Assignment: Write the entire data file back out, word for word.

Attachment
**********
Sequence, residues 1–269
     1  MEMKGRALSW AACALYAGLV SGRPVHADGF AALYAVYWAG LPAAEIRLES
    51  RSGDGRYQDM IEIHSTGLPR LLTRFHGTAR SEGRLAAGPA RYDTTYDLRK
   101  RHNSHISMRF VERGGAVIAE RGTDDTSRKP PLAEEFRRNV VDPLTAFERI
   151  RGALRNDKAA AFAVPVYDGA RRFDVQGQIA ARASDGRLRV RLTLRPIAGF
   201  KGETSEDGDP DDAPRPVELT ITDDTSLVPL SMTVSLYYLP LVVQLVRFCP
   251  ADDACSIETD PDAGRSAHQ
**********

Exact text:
Sequence, residues 1–269
     1  MEMKGRALSW AACALYAGLV SGRPVHADGF AALYAVYWAG LPAAEIRLES
    51  RSGDGRYQDM IEIHSTGLPR LLTRFHGTAR SEGRLAAGPA RYDTTYDLRK
   101  RHNSHISMRF VERGGAVIAE RGTDDTSRKP PLAEEFRRNV VDPLTAFERI
   151  RGALRNDKAA AFAVPVYDGA RRFDVQGQIA ARASDGRLRV RLTLRPIAGF
   201  KGETSEDGDP DDAPRPVELT ITDDTSLVPL SMTVSLYYLP LVVQLVRFCP
   251  ADDACSIETD PDAGRSAHQ